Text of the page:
91. While this is probably the actor's best turn since Rocky, and he does a credible job that may earn him the opportunity to do more "serious" work in the future, Stallone's performance is outshone on all sides. That's not a knock against him; it's an acknowledgment that the supporting cast is about the best that it can be.
  92. It's a movie of moments, some of which are side-splittingly funny. Arguably, this is the most uproarious comedy that Allen has ever done.
  93. There's something almost hypnotic about the way Hard Eight develops -- even in its slowest, most tedious moments, it keeps our attention.
  94. Tomorrow Never Dies is a better film than Goldeneye. In fact, it's the best Bond film in many years.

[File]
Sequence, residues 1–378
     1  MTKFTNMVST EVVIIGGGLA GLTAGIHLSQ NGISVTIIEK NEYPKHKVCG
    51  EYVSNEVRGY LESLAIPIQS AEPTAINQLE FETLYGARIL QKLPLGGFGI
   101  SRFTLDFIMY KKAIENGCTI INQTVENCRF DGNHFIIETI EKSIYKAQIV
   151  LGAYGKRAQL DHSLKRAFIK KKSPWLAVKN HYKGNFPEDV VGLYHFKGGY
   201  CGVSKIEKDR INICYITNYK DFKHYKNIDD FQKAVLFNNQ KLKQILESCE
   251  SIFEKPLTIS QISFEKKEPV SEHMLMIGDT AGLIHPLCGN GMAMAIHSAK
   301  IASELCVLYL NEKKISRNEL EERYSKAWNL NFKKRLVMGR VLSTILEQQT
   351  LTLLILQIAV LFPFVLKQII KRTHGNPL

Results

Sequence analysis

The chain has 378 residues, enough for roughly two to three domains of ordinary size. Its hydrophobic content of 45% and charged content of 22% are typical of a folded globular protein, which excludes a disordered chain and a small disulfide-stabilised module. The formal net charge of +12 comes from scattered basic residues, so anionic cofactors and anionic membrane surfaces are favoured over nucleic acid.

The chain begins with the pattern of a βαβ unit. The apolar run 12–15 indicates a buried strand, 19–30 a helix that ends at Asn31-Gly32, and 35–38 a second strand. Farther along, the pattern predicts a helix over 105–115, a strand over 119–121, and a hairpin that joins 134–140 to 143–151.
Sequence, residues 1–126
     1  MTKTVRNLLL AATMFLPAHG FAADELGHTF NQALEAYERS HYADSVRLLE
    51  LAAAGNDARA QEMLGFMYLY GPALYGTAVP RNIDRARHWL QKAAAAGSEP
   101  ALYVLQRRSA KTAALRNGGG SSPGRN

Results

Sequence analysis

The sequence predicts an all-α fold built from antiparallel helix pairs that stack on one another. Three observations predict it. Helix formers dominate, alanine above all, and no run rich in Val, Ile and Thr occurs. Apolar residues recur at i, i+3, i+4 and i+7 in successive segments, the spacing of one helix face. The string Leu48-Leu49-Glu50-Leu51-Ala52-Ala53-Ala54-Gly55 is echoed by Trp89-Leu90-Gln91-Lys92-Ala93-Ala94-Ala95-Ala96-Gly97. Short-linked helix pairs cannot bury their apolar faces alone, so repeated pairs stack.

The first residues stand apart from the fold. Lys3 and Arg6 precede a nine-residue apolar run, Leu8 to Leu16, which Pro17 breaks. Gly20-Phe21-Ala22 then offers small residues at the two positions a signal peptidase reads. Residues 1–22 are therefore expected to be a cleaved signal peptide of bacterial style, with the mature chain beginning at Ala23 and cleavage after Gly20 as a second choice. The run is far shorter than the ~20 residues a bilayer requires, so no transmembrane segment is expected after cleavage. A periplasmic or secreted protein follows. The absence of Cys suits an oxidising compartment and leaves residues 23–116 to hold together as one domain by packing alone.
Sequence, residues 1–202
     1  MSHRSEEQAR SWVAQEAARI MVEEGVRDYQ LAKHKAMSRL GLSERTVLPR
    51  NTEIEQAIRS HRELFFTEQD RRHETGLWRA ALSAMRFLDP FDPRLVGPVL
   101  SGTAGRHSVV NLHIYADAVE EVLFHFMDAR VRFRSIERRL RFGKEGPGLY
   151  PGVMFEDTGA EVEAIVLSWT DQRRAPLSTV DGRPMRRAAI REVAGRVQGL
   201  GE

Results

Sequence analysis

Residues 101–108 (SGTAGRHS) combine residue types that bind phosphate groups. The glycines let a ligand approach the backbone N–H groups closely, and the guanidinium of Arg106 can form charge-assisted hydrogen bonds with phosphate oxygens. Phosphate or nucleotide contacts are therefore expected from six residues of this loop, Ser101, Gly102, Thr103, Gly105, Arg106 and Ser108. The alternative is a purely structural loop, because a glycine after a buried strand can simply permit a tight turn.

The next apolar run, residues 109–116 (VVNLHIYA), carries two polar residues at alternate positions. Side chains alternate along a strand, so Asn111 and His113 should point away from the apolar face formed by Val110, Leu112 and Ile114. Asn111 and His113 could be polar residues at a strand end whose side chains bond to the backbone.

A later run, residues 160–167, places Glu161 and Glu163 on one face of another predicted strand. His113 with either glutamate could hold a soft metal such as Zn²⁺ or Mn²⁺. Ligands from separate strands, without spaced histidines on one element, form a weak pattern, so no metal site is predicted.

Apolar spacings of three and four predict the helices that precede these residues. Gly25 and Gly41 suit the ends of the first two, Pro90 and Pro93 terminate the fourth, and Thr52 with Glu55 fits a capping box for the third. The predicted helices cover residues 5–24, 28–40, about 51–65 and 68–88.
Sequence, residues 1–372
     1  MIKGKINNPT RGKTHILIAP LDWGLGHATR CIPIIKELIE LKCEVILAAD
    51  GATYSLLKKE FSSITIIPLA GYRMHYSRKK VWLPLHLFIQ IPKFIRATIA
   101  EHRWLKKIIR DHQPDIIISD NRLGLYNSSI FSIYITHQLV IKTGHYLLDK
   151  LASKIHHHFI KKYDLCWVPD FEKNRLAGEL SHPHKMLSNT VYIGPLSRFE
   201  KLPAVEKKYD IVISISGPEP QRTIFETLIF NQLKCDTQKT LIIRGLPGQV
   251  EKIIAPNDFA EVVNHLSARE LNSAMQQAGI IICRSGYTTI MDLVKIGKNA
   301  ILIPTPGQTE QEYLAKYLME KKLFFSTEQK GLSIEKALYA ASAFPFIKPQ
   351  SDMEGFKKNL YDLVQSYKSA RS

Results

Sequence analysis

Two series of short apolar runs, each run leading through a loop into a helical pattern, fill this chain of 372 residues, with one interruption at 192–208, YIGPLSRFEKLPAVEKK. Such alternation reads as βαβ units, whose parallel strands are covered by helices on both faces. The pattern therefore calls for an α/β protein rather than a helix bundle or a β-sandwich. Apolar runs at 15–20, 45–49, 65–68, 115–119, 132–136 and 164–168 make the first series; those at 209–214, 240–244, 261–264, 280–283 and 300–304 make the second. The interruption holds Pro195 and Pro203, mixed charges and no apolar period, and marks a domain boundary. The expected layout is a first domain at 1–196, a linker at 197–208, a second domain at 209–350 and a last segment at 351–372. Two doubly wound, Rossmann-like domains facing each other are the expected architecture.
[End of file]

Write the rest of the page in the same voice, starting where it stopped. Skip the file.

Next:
95. For those who like the director's body of work, appreciate "The Twilight Zone," and have a high suspension of disbelief threshold, The Village is likely to satisfy.
  96. As it's unspooling on screen, the film is hugely entertaining, but there are several significant plot holes that grow wider the more closely they're investigated.
  97. It features a pair of well-developed characters, the plot contains some clever twists and turns, the dialogue is reasonable, and director Gary Fleder (Things to Do in Denver When You're Dead) keeps the level of tension and intrigue high. Put together, all of that adds up to a worthwhile motion picture.
  98. Cruise is chillingly credible as the cold, cruel Vincent. And Foxx shows unexpected depth and humanity as Max, whose night encapsulates the cliché about being in the wrong place at the wrong time.
  99. It offers genuine scares and chills without the self-aware, packaged feel of many horror/thriller films.
  100. It is involving and entertaining, and features an intriguing, independent heroine.